Sorry for the delay in replying but I have not been on the board in awhile. The answer is yes, your tears remain and the surgery does not affect the glands or ducts. The major gland for producing tears is actually behind the bone in your socket but your lids also produce tears. Now a serious infection can harm the glands but that is rare. As for the enucleation itself – the pain varies from mildly uncomfortable to downright agony depending on the person, but for me (an I think most folks) it was not bad at all - rather like a trip to the dentist. In fact, I had been in so much pain prior to surgery it was a tremendous relief. You shouldn’t need anything stronger than Advil after the first day or two. For me the nausea from the anesthesia was worse than any mild pain but after a day the effects had worn off. I had my surgery on a Friday, came home that night and by Saturday noon was up and around feeling good. Sunday was best as the chronic pain from the eye was gone and that was such a glorious relief. Monday I had a follow-up with the surgeon and was told to take it easy (no bending, lifting or stress) but I could do most everything including returning to school on Tuesday. Over the week that followed there were occasional sharp pains when I moved my good eye but I soon figured out to move my head and keep the eye straight. For that first week I had to put the medicine in through the conformer (mine was the thick white one with two holes in the front) three times a day. After that it was just leave it alone and wait for the socket to heal. My first fitting for the prosthesis was six weeks after the surgery and it took four visits over a week. Nothing at the occularist was uncomfortable and it was fascinating watching her work (she let me see the molding process in her lab) and especially as she hand painted the iris and used thin silk thread to make the blood vessels. I’d say don’t worry too much because if your increased IOP is causing you pain now, the surgery will most likely be a relief. Best of luck and let us know how it turns out and what your impressions of the pain level are.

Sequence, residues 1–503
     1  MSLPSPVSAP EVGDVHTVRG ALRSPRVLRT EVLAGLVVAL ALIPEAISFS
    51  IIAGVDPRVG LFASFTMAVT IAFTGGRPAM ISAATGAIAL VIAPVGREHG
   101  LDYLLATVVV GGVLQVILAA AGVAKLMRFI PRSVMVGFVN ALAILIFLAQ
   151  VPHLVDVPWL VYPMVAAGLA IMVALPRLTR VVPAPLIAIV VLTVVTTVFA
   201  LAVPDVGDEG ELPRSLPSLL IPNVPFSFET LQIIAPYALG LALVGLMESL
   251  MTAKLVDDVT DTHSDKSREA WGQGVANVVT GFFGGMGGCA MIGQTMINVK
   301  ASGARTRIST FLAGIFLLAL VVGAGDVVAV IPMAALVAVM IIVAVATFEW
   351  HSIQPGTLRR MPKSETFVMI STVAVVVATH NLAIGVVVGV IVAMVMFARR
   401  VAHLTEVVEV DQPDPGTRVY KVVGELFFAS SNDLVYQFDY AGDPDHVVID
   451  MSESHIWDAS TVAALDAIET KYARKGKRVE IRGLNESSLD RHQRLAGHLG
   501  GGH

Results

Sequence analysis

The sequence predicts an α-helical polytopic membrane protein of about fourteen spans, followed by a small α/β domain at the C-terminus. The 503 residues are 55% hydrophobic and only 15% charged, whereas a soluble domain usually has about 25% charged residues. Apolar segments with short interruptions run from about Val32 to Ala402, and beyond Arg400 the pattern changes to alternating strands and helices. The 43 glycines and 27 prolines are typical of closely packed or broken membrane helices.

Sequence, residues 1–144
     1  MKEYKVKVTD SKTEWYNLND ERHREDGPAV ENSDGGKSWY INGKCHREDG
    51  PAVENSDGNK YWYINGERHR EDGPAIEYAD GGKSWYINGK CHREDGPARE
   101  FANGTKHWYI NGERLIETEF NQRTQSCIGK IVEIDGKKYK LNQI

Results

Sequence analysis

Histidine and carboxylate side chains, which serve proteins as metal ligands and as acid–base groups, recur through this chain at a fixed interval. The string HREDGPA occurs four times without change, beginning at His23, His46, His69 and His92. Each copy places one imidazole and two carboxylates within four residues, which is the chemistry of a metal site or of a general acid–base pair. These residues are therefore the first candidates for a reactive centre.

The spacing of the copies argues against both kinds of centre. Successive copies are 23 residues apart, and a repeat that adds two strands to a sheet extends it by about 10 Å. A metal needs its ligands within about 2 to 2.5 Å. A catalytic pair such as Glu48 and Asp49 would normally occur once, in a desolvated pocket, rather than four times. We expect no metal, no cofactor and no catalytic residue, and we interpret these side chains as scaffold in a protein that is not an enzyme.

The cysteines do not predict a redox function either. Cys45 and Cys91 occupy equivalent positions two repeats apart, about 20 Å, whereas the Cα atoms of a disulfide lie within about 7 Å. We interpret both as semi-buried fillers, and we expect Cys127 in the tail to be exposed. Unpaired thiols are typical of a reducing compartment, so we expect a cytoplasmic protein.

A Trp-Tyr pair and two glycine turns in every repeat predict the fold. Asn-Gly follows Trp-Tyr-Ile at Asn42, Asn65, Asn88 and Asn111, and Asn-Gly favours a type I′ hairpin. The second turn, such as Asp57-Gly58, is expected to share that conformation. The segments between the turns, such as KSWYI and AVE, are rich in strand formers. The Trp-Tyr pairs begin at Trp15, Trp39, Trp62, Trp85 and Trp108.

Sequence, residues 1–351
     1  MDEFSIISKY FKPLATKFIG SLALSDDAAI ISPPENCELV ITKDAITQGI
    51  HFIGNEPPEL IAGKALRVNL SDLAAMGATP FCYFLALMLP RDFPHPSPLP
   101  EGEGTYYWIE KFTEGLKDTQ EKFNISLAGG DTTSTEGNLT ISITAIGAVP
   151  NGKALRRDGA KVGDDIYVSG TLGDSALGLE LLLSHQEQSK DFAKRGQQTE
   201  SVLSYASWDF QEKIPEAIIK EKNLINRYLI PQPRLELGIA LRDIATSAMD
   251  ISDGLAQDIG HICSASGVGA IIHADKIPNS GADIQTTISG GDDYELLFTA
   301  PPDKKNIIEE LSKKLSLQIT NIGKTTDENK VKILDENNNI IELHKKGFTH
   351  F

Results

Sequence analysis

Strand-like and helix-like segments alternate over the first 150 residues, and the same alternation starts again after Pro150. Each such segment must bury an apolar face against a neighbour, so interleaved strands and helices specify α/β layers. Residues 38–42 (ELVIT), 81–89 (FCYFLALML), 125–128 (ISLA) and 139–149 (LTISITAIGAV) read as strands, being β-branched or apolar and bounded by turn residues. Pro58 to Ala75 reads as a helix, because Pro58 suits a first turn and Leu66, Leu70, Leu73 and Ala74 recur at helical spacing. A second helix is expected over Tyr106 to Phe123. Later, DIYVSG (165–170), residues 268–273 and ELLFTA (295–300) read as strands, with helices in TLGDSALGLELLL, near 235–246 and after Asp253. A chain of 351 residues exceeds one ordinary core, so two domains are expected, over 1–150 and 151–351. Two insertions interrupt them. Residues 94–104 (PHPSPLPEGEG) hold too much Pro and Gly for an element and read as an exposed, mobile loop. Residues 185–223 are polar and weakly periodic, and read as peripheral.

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Tue Feb 06, 2007 3:18 pm

 
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Thanks Alisia~ wow thats a mouth full! Yes I will keep you all posted, this also will help others either faceing or even thinking of such an opperation. OK Another question I forgot to ask you....when you get the mold made, is it all done the same visit? or do you need to get that made and go back for the finalle process...I know this is a big process from start to finish, Meaning the first visit to getting the surgery, right down to the last getting a prosthesis made. this doesnt happen over night. and some Dr.'s want to try other metheds to "save" the eye even tho theres a lot of pain and it has no vision. :laola:



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Tue Feb 06, 2007 3:59 pm

 

Hi Kendra,
I was just reading your questions about prosthetics. Just thought I'd let you know that a prosthetic can be made and finished in one day. I went to Carolina Eye Prosthetics in Burlington, NC, and the whole process only took about 6 hours. I went home with my eye. And they do high quality work--Duke University Eye Center (where I had my surgery) sends all their patients there. I think you are in Arkansas, which would be a little trip, but if you want any more information, let me know.
I wish you well at the doctor visit. I can only repeat what has already been said, the surgery itself is surprisingly easy and I had very little pain. I was back at work in 2 1/2 weeks (I'm a hairdresser.)
Karin



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Tue Feb 06, 2007 4:31 pm

 
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Thanks Karin! the more people I've heard from here say what you are as well...fear is not a factor here, nor will I allow it too be, so I'm already one step ahead of this. fear is not knowing...so I ask as you all can see (no pun intended lol) but I do tend to ask a lot of question,but thats OK. Yes Im in Arkansas now... where did you say you went...I'm closer to MO. OK & Tenn, I'm in NW Arkansas the Ozark Mountains